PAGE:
5 Reasons to Look Forward to Portland's Newest Sundae Shop

The Maple Parlor promises self-serve sundaes suitable for lifestyles from vegan to Paleo.

By Tuck Woodstock April 17, 2015

Courtesy the Maple Parlor

Confession: At one point in my life, self-serve frozen yogurt comprised roughly half my diet. This sweet phase eventually ended when I went vegan and realized my abundant topping and flavor options had suddenly shrunk to one sickeningly sweet, chemical-y Jolly Rancher concoction and a few sad slices of unripe fruit. 

When the Maple Parlor opens in the former Swirl space on Hawthorne this summer, I may well revert to my froyo-only (froyonly?) diet—but this time, it will be plant-based, all-natural, Northwest-sourced, and, presumably, even more delicious.

Here’s five reasons why you should get excited about this self-serve sundae bar:  

1. No science lab-sounding additives.

As the New York Times reported, Original Pinkberry frozen yogurt includes 23 ingredients from propylene glycol esters to sodium acid pyrophosphate to maltodextrin—and most froyo spots are no better. In contrast, the Maple Parlor promises a healthful, whole-foods approach with recognizable ingredients like butter, cashews, and maple syrup.

2. Inclusive menu that accommodates all diets.

Eight rotating soft-serves will all be made in-house: five from organic dairy, and three from vegan-friendly coconut milk. Decadent potential flavors include cashew milk maple syrup and browned butter with crème brulee shards, as well as the classic super tart.

Toppings also cater to any diet, from vegan to Paleo to low-glycemic. Expect house-made pistachio praline, ginger lemon curd, and avocado mousse, as well as collaborations like Stevia-sweetened chocolate from Seattle’s Lily’s Chocolate, gluten-free goods from Kyra’s Bakeshop in Lake Oswego, Asian pear compote made from Hood River produce, and nuts sweetened with Bee Free Honee. Also on the menu: Jade Bistro’s vegan sesame balls and baklava crumble from a local Lebanese baker.

 "This is what you deserve to feed your kids," says founder April Eklund.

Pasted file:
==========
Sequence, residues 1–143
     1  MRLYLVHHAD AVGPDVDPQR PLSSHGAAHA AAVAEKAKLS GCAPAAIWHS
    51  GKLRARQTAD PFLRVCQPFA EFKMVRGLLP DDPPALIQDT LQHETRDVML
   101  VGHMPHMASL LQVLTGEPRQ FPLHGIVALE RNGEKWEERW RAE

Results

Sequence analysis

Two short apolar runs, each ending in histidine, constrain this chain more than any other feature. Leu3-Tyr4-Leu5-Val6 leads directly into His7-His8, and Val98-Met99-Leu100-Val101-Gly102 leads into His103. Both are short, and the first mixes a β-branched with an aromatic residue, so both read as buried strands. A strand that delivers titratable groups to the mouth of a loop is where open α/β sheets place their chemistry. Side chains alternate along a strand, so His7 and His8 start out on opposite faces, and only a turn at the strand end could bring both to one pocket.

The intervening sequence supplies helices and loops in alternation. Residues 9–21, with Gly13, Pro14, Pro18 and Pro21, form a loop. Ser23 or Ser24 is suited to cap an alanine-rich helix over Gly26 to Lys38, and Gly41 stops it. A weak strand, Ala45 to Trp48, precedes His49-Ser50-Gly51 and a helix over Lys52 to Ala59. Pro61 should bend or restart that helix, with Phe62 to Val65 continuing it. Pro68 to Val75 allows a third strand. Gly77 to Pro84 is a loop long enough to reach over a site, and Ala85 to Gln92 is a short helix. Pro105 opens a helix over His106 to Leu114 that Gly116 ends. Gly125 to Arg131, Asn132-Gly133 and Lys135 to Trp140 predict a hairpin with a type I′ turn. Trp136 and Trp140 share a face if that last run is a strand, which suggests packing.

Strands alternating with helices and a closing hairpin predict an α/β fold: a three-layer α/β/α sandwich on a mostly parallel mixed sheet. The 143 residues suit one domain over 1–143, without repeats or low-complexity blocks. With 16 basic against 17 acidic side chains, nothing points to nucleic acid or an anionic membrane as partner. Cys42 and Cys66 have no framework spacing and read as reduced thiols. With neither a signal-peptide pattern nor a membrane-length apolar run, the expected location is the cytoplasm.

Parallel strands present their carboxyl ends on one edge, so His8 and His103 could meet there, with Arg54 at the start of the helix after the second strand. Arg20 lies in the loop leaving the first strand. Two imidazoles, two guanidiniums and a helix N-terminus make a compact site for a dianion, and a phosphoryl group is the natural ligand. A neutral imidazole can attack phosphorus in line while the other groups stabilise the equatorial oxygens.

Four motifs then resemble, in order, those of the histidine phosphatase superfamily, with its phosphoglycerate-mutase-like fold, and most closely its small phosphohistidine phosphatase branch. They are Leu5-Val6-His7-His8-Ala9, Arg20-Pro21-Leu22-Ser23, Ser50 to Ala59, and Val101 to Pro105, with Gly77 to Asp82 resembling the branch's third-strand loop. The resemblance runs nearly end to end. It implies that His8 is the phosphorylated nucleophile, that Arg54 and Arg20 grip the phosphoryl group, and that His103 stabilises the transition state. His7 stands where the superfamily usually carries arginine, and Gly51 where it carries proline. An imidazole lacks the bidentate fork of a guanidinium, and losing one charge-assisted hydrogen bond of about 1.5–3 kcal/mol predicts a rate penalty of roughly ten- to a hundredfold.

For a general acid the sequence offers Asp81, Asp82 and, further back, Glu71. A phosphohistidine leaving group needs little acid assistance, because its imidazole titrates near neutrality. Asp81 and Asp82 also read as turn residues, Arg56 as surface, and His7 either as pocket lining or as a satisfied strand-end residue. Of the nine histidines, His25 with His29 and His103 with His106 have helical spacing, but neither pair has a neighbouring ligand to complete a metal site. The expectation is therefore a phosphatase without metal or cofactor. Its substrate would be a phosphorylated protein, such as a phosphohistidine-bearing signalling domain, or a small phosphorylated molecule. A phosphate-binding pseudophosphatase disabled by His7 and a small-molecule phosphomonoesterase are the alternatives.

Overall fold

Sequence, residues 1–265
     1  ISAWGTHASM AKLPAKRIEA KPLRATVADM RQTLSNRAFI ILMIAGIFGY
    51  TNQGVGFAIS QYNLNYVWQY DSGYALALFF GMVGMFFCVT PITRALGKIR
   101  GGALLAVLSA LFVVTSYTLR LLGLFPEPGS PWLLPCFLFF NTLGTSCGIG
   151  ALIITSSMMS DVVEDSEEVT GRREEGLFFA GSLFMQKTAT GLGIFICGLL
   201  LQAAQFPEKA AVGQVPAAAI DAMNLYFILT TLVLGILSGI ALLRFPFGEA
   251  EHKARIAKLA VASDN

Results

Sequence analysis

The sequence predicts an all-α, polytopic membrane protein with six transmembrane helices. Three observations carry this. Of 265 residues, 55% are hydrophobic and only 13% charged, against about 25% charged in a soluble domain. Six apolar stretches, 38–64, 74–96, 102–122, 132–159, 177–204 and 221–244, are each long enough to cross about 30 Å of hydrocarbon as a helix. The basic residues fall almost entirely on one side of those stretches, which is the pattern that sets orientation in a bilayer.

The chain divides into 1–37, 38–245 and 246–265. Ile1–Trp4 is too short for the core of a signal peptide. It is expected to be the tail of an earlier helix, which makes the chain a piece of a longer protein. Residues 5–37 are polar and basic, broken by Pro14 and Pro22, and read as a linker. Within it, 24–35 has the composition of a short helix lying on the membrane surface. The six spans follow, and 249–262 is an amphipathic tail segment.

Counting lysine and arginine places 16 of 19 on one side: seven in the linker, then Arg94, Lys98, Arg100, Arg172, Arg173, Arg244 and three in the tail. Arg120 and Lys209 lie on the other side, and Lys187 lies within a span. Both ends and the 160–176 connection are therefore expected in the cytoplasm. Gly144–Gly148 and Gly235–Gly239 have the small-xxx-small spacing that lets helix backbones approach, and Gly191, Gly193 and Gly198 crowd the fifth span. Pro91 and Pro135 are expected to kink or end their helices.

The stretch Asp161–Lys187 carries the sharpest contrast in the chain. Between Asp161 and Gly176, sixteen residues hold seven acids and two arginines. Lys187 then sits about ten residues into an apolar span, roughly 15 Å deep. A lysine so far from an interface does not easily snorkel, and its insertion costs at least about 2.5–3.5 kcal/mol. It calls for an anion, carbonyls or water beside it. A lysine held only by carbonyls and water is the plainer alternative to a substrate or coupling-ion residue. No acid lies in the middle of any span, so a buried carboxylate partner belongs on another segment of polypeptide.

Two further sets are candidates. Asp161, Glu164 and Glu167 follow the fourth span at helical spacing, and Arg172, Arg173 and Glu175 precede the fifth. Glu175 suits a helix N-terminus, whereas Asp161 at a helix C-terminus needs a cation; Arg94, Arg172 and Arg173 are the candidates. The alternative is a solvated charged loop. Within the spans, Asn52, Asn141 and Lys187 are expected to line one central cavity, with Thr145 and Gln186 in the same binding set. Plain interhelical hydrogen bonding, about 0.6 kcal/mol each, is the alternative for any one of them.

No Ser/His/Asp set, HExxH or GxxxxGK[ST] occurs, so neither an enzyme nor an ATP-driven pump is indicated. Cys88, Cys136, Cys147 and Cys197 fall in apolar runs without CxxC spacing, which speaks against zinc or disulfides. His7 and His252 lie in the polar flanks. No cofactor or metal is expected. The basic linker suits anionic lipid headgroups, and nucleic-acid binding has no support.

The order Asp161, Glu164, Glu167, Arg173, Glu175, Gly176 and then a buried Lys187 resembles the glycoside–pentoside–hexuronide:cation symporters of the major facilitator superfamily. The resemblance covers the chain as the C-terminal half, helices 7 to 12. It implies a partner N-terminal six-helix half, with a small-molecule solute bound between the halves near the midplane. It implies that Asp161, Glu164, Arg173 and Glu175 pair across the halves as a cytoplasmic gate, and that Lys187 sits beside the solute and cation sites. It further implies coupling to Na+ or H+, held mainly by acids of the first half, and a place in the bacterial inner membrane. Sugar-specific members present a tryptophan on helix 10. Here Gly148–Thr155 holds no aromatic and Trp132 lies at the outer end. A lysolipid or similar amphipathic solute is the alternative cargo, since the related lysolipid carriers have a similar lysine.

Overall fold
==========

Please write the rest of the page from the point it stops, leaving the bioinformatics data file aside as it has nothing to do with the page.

3. A veteran Portland restaurateur at the helm.

A native Portlander, Eklund has worked in local restaurants since her preteen years, and opened Sellwood’s Jade Bistro with her family in 2008. After six and a half years running front-of-house at Jade, Eklund is striking out on her own, leaving her parents and brother to run the bistro. (Jade's coconut ice cream will be revamped for the Maple Parlor's menu.)

4. Self-serve style. 

Unlike Portland’s other artisan froyo shop, Eb & Bean, the Maple Parlor puts the serving spoons in the hands of their customers, allowing eager patrons to pile on as many toppings as they can cram into the sundae bowl. Prices will be between one and two times the standard price per ounce at spots like YoCream—so as long as you keep your child from making a mountain of chocolate-covered strawberries, you should end up okay.

5. Old-school fun.

Inspired by childhood birthdays at Farrell’s Ice Cream Parlour, Eklund hopes to create a space that feels “familiar to all ages by evoking the nostalgic, friendly atmosphere of sundae shops of yesteryear. Décor will center on found pieces from Portland’s past, like a lit marquee from an amusement park and a wall of 999 antique silver spoons.

(A word about those spoons: Kickstarter backers who join the “Spoon Social Club” will have their names engraved on a spoon, and receive invites to taste preview parties and an annual vaudeville dance party bash. Club members will also receive a Golden Ticket on their birthdays, which earns them access to a “Sundae Fish Bowl” that serves 4-6, inspired by Farrell’s similar gimmick.)

The Maple Parlor is slated to debut in the ideal ice cream month of July. In the meantime, catch the first annual vaudeville dance party at Oaks Amusement Park on Friday, April 24, and watch the Kickstarter video below for more details. 

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